Errors are rich in information

I read a blog about Learning from your bugs at the start of the week and it got me thinking.

It was nice that it was from a developers perspective for starters. Also sounds like a dev I’d love to pair with!

“Bugs help us understand the system better, and they indicate how we can improve our coding, testing and debugging techniques.”

The only example I could think of that I’ve experienced was in number entry fields on our application. “e” is technically a valid number (epsilon which is a tiny number). The first lesson we learned was that our number crunching in the back couldn’t handle it. Once we had learned this we needed to figure out a way to stop it being allowed. The first sprint after this we handled it reasonably well. Then the next sprint a different dev picked up a story with a numeric entry field and a bug was raised against it. The sprint after that it happened again with another developer.

It took us almost 4 sprints to learn from our bugs. It’s a really simple example because basically I can’t think of any others.

I’m wondering if we’re now learning from our bugs without documenting it and I don’t realise it. Or we’re heading for another fall where we spend 4 sprints learning from a bug.

Has anyone else any good examples of learning from bugs? I’d be interested if there are other ways to learn from them than this method.

I’ve definitely seen this behaviour in the past, actually with similar issues - how fields behave. The best way I learnt to deal with this was to raise it during stand up, when I had everyone’s attention - or making sure I actually grab their attention. Then I’d ask the question - So we’ve had this bug around twice, do we need to standardise how the input fields behave to stop this bug coming back?? - I’d direct this to the lead dev and raise it that it keeps coming back, meaning we’re losing time and possibly missing other issues because of it. It was always done with a positive spin, so no one ever felt victimized, but it highlighted it so that no dev would want to cause it again. I’d love to hear how other people handle these situations too actually, this is a good life lesson one too I reckon!

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I guess it depends how it’s documented. If you know it’s an issue could you put those notes against the story before the work starts so new devs know to look out for it? Information dissemination is always difficult as documentation is often overkill and people don’t get time to read full docs, so you have to balance giving people enough info in the right place to disseminate (though that also relies of people disseminating information, which again requires being aware of what you know that other people don’t, as well as time to do it etc etc - I have a lot of feelings about documentation and info dissemination, can you tell?)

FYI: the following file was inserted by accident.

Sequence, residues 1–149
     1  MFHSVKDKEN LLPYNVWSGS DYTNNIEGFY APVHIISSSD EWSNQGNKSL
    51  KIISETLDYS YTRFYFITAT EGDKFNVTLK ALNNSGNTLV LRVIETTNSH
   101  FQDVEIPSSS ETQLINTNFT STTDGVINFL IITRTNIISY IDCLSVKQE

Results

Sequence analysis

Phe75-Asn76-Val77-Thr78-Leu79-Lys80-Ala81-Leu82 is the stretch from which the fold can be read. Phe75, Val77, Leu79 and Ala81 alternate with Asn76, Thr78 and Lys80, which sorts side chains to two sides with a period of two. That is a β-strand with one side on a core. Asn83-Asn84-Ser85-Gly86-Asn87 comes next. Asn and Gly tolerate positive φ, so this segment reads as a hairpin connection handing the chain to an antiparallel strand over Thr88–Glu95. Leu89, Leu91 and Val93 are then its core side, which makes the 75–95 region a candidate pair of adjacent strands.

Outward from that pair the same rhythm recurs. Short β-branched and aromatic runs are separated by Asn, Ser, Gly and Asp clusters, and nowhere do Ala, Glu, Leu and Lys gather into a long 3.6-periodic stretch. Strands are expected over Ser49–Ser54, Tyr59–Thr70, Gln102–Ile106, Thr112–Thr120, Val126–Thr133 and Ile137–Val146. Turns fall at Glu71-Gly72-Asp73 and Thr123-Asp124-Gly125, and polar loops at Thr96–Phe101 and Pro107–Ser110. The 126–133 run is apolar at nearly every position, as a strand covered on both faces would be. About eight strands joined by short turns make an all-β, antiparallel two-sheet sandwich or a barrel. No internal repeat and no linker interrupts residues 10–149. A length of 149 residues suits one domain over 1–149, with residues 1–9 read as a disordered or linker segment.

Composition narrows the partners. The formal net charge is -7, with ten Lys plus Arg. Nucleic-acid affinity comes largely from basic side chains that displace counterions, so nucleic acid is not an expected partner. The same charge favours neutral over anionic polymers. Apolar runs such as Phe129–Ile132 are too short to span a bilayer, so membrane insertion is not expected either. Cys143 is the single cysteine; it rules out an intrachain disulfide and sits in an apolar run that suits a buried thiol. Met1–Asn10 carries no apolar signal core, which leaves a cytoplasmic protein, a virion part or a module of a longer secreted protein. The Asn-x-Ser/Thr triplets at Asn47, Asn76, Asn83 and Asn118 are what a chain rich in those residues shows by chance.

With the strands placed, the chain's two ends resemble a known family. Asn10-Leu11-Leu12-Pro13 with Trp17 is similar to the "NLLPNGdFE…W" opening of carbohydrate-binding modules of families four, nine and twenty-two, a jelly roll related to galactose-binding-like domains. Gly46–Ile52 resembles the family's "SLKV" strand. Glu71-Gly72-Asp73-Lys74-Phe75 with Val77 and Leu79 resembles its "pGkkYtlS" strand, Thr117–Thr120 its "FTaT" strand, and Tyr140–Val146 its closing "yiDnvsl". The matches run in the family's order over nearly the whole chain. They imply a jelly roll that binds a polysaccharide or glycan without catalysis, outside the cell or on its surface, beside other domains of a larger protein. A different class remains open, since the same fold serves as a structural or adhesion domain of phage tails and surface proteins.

I’m planning on writing an article about this for MoT - I did start to do an exercise where I logged things I felt I’d missed (if things came back from UAT, or a dev spotted them after me etc, or bugs that regressed/recurred over multiple sprints), or things I felt I’d not tested enough but couldn’t figure out where the gaps where in my knowledge were. Then I’d do a retrospective maybe monthly to see what I could do to make sure I was more aware of my blindspots as well as our blindspots as a team. I didn’t get time to do them regularly, but I enjoyed the heightened awareness of what I was testing and how :smiley:


It may not exactly qualify as a good example that you’re looking for, but I’ve a fairly recent blog post that’s somewhat related to the topic - “Bugs happen – learn from them”.

I’ve also recommended to younger team mates (and still to myself) to look at missed bugs with the intent of learning from them so that hopefully we’d avoid missing them in case we get the chance to test something similar.

What the author of the blog post you shared was interesting. I wish I had been more diligent when I was younger and also kept a record of super interesting bugs that I found. :slight_smile:

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Coincidentally, I just saw Jerry Weinberg’s tweet on his Leanpub book titled “Errors”

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